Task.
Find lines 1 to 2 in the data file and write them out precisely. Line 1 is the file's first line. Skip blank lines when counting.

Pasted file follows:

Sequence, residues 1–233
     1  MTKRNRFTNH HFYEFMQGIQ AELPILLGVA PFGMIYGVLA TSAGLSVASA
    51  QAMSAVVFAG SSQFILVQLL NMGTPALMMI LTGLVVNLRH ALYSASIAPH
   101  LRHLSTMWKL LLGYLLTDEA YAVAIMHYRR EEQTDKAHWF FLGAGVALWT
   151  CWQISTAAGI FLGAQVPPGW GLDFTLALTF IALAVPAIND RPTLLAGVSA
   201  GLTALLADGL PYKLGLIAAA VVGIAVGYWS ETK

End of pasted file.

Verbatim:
Sequence, residues 1–233
     1  MTKRNRFTNH HFYEFMQGIQ AELPILLGVA PFGMIYGVLA TSAGLSVASA